Lynch, Susanna Pollak, Anna Marie Hagans, and Giselle Barth did a tremendous job of research, working diligently and uncovering more material than I ever thought possible in the brief time we had in which to work. The librarians at the Ninth Circuit headquarters were unfailing in their responsiveness to my many research requests, and each deserves special thanks: Helen Hill, Scott McCurdy, Cheryl Blare, Deborah Celle, Eric Wade, Sara Bacon, Sarah Bingham, Patricia Espinoza, Filiberto Govea, Lisa Larribeau, and Konrad Steiner. Librarians at the Bancroft Library at the University of California at Berkeley, the Huntington Library, the San Francisco Public Library, the Hastings Law School Library, the Los Angeles County Law Library, the Green Library at Stanford University, the University of Oregon Library, the Oregon Historical Society, the Alaska State Library, and the University of Alaska Library were extremely helpful, as were archivists at the National Archives in St. Louis and in Washington, D.C. Of the latter, Rod Ross deserves special thanks.

Other Ninth Circuit personnel who were particularly helpful in a variety of ways include Cathy Catterson, Mary Demarais, Rollins Emerson, Ellard Hill, Jim Hochstadt, Ted Peterson, Bob Pleasant, Bill Roberts, Mary Schleier, and Roger Tom. Judge Charles Merrill was kind to lend me Loris Eldredge's secretarial services during my time at the Ninth Circuit. Loris did a superb job, combining efficient skills with a wonderfully sardonic sense of humor. After I left the Ninth Circuit, Sheryl Farmer and Neth Arenas-Butler provided excellent typing assistance. At various stages of the project, I benefited from sound advice on numerous issues that was offered by William Burchill, Francis Gates, Michael Griffith, Craig Joyce, Bruce Mann, Roy Mersky, William Patry, Scot Powe, Rayman Solomon, Lois Weithorn, David Weisskopf, and Charles Alan Wright. Countless members of the Ninth Judicial Circuit Historical Society gave me their support and encouragement (and I owe thanks to Bradley Williams for favors large and small). I also appreciate the Historical Society publishing prior versions of Chapter Two as "Railroads, Robber Barons and the Saving of Stanford University," 4 Western Legal History 225 (1991), and of Chapter Five as "The Ninth Circuit and the Development of Natural Resources in the Early Twentieth Century," 6 Western Legal History (forthcoming Summer/Fall 1993). Finally, Naomi Schneider at the University of California Press was wonderful. I owe her special gratitude for sticking with me during the many months it took me to complete revisions while I was clerking for Justice White. Her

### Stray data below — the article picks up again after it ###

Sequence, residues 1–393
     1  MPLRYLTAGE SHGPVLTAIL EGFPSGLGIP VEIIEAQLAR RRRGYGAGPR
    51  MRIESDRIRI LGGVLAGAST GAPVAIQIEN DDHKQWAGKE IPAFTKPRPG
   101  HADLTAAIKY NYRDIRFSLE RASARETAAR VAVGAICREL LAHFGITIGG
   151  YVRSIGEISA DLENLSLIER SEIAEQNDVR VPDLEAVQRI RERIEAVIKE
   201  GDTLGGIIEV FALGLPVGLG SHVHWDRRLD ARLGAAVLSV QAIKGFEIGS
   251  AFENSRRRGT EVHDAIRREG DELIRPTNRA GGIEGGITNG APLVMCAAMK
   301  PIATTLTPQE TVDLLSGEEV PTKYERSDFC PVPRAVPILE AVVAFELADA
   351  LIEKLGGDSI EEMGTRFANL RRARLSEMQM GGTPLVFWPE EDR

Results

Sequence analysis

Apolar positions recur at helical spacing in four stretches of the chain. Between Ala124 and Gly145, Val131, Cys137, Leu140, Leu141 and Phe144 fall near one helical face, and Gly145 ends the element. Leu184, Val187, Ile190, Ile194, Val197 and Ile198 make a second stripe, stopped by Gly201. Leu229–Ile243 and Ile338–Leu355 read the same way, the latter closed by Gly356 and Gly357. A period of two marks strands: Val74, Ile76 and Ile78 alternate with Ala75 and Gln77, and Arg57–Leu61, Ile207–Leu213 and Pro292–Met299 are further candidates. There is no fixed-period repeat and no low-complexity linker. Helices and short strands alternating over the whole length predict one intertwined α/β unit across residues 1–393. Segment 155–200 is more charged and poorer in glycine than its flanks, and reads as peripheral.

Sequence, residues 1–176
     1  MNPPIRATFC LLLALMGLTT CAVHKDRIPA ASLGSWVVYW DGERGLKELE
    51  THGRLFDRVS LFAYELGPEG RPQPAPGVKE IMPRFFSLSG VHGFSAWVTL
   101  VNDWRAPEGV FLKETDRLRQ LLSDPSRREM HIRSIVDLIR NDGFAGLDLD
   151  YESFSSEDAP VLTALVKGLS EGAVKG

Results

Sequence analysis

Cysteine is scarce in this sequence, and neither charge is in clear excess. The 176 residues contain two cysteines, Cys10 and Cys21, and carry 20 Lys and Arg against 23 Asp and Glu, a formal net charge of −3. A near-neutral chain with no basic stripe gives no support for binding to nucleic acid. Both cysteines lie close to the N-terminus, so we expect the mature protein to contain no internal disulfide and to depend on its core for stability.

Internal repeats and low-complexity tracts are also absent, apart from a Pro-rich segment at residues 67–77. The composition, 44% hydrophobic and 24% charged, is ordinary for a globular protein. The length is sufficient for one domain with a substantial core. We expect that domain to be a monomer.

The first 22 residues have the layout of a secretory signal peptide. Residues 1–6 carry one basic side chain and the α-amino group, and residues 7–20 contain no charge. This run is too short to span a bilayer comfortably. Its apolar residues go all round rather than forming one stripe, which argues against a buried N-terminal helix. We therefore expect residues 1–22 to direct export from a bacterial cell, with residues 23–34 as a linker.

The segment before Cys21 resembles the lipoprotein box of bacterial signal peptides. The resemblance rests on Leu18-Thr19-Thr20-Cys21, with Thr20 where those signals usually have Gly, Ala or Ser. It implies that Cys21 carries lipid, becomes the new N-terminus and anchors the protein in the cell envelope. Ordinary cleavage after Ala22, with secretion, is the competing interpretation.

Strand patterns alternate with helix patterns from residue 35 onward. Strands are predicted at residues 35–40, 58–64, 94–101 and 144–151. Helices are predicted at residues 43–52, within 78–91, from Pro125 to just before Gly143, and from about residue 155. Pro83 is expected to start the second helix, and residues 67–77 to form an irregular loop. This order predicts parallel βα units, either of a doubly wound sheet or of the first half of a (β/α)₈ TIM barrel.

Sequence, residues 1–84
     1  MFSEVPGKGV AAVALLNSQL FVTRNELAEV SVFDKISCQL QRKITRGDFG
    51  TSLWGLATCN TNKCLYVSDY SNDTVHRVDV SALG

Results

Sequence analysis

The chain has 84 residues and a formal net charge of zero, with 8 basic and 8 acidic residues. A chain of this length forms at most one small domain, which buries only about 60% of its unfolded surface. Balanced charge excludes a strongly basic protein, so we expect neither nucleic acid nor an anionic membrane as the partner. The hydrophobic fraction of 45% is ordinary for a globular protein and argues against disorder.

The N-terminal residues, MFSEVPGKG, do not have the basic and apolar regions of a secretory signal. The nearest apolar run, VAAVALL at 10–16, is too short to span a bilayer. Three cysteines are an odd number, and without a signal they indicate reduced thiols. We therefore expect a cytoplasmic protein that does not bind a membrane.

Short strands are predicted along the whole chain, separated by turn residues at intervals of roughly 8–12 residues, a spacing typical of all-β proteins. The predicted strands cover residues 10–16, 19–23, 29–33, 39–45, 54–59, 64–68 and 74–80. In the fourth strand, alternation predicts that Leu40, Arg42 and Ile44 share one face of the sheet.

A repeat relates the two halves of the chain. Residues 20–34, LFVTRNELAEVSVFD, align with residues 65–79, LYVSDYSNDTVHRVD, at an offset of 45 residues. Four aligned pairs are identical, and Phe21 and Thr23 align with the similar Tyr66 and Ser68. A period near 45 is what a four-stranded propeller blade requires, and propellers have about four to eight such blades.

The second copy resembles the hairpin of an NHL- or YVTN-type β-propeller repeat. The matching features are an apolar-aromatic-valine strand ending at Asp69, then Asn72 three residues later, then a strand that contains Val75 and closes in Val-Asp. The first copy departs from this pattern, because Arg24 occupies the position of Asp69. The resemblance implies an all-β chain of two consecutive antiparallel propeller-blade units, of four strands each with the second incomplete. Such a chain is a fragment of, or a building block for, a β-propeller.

colleague, Jane-Ellen Long, was a highly skilled copy editor. Rose Anne White, William Murphy, and Valeurie Friedman also made my dealings with the Press a real pleasure.

A number of friends read the entire manuscript—often in a very short amount of time—and made countless useful suggestions. It is impossible in this preface to convey the full extent of my thanks to those who spent long hours reading the manuscript in draft form and offering suggestions for making it better: Joe Franaszek, Christian Fritz, Ronald Mann, Maeva Marcus, Nancy Rapoport, and Judge Sneed. Still others, including Chris Eisgruber, Lanny Naegelin, Susan Simmonds, and Michael Sturley, read parts of the manuscript. These readers were immeasurably helpful to me in refining my analysis, challenging assumptions I had made, and broadening my perspective on the Ninth Circuit and the federal courts generally.

My wife Susan was as committed to this project as I was. She spent many hours helping with numerous mundane tasks, from photocopying to inserting data into a spreadsheet program. She also read the manuscript, helped to select the photographs, and served as an indispensable foil whenever I let the inevitable frustrations of a project this large get me down. One evening, as I sat reading over the manuscript for what seemed the umpteenth time, she deadpanned, "Haven't you read that book before?" Were she not put off by the sentimentalism of the gesture, I would dedicate the book to her.

D. C. F.